Are you thinking of moving into a new home in Norwich? In this guide, we give prospective buyers and renters information about major recent housing developments in the area, and provide an overview of what to expect living in this historic Norfolk city.
Housing Developments in Norwich
There have been a number of exciting housing developments in Norwich in recent years. One example is the Hansard Close residential development, which completed in spring 2017. The council-owned social rent development stands on Norwich City Council’s former area housing office, off Mile Cross Road in the north-west of the city. Featuring eight one-bedroom flats and two two-bedroom apartments, Hansard Close was the first residential development in Norwich delivered to the Passivhaus international energy performance standard.
Norwich’s commitment to eco-friendly homes is also demonstrated by the much larger Goldsmith Street development. Due to be fully completed this summer, Goldsmith Street is one of the largest developments of Passivhaus homes anywhere in the country, featuring 105 properties with a mix of one, two and three-bedroom flats and two and four-bedroom houses. Passivhaus standards deliver ultra-low energy housing which minimises the need for fuel heating or cooling, meaning that residents will enjoy the benefit of cheaper energy bills – up to 70% cheaper than the UK average heating costs.
While both of the developments we’ve mentioned are council-owned social rent housing, they reflect Norwich City Council’s wider commitment to the provision of affordable housing in the city. They form part of council pledges to deliver high-quality housing options to suit a range of needs, in order to “widen opportunities for home ownership and create sustainable, inclusive, and mixed communities”.
As of June 2019, the average house price in Norwich was £274,506, which represented a drop of 1.58% compared to a year previously. Real estate services provider Savills predict that house prices in the East of England will remain fairly static over the next two years, but forecast growth of around 9% over the next five years. They also observed a rise in demand for urban and city centre properties as buyers looks for easier lifestyles and a shorter commute, while rural properties can still present good value for money.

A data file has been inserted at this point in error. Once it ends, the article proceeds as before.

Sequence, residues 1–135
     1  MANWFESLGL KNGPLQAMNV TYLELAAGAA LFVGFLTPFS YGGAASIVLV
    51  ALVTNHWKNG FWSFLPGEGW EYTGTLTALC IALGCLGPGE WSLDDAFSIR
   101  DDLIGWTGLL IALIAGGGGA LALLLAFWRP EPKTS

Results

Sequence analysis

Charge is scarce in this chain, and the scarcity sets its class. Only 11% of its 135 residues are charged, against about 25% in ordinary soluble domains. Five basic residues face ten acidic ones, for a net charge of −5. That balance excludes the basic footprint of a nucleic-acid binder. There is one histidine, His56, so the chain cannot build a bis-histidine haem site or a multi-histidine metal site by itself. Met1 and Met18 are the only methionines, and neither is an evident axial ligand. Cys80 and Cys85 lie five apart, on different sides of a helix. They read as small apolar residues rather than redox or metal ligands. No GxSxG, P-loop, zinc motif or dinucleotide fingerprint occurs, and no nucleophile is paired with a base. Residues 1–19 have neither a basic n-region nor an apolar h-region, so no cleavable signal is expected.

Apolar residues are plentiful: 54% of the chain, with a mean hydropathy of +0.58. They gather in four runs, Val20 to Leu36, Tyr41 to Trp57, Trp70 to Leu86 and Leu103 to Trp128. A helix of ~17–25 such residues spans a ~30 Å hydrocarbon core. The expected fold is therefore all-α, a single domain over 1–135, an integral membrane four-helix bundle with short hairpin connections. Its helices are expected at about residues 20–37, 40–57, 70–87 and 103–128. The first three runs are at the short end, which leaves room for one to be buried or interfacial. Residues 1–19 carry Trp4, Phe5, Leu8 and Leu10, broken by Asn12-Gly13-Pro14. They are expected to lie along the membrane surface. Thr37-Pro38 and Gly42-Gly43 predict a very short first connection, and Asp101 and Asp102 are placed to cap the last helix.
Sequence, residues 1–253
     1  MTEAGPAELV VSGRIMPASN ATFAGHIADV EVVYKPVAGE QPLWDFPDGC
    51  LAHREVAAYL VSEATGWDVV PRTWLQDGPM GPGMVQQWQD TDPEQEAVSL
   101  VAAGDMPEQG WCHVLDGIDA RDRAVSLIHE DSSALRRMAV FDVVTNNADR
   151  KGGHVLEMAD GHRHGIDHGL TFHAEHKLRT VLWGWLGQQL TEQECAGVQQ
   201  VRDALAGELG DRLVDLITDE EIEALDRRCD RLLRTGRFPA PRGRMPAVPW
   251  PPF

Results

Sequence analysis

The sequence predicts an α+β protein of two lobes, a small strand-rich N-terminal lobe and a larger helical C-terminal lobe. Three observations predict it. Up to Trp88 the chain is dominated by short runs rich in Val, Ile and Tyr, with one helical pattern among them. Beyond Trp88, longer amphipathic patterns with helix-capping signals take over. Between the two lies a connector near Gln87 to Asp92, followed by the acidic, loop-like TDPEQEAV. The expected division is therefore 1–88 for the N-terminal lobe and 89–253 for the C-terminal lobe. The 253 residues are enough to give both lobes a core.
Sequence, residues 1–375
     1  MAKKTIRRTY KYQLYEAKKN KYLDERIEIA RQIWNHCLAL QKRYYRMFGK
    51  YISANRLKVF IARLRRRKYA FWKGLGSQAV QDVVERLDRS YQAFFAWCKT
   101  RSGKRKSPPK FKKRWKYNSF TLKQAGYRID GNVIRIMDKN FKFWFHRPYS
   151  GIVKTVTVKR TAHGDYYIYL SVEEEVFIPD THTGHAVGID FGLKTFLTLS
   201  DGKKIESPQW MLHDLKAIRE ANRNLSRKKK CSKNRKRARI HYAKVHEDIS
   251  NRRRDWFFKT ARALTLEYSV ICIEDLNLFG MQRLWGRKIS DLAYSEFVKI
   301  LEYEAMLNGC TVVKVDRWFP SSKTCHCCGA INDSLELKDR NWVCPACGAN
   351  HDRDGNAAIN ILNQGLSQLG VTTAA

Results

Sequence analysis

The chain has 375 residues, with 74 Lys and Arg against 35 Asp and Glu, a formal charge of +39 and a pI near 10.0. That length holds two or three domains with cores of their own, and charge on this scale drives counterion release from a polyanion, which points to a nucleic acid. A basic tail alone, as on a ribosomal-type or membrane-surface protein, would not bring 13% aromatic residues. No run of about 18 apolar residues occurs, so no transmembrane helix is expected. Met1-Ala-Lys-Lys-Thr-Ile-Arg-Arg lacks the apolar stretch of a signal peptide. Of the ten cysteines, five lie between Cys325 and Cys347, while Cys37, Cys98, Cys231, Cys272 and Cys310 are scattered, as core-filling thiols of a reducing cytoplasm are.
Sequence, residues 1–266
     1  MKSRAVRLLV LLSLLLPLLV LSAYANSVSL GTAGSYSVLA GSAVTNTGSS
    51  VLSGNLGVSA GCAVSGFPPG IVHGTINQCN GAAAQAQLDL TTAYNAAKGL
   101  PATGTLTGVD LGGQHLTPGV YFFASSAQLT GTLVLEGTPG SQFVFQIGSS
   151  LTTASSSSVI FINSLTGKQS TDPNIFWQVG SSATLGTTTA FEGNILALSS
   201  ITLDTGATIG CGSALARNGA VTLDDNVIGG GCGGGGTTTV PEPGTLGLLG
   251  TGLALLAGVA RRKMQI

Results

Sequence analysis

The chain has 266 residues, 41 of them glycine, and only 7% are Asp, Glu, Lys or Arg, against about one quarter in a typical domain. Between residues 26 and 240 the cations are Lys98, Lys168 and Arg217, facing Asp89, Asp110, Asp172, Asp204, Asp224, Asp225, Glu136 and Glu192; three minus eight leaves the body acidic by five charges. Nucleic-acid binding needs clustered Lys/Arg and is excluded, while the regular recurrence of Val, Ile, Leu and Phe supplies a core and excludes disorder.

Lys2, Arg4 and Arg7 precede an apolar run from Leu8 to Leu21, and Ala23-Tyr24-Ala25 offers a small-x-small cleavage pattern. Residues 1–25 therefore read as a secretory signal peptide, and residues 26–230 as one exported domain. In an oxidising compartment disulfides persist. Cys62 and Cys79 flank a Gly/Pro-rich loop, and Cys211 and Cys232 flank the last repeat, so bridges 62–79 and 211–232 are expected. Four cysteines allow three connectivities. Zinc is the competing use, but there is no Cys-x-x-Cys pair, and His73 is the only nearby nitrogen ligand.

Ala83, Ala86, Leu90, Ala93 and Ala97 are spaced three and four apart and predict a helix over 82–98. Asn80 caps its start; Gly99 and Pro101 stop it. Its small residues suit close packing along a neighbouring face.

Living in Norwich
Norwich is a cathedral city with a rich history, and at the same time is vibrant and forward-looking. Long considered a centre of art, literature and publishing, in 2012 it became England’s first UNESCO City of Literature. The city boasts a number of historic medieval buildings – including the Anglican Cathedral of the Holy and Undivided Trinity – as well as independent art galleries and shopping hubs; Norwich Market is the largest open-air market in the country. For the nature lover, Norfolk’s striking countryside – most notably the Norfolk Broads – and nearby coastline will both appeal.
Although some do commute further afield, many Norwich residents work within the city or elsewhere in Norfolk, which gives the city and its environs a strong sense of local community. This community spirit is tangible in events such as the annual Norfolk and Norwich Festival. Described as “the flagship arts festival for the East of England”, the festival presents free public performances of theatre, music, literature, circus and dance.
Until recently there was no high-speed rail network link to London; however, following the government-backed “Norwich in 90” campaign it’s now possible to travel from Norwich via Ipswich to London Liverpool Street in just 90 minutes. In terms of road transport, Norwich is served by the A11 dual carriageway towards Cambridge and London.
Contact The Mortgage Centres now to discuss your mortgage needs with a friendly and experienced mortgage adviser. We can talk about your requirements and give you impartial, expert advice about your mortgage, loan and insurance options.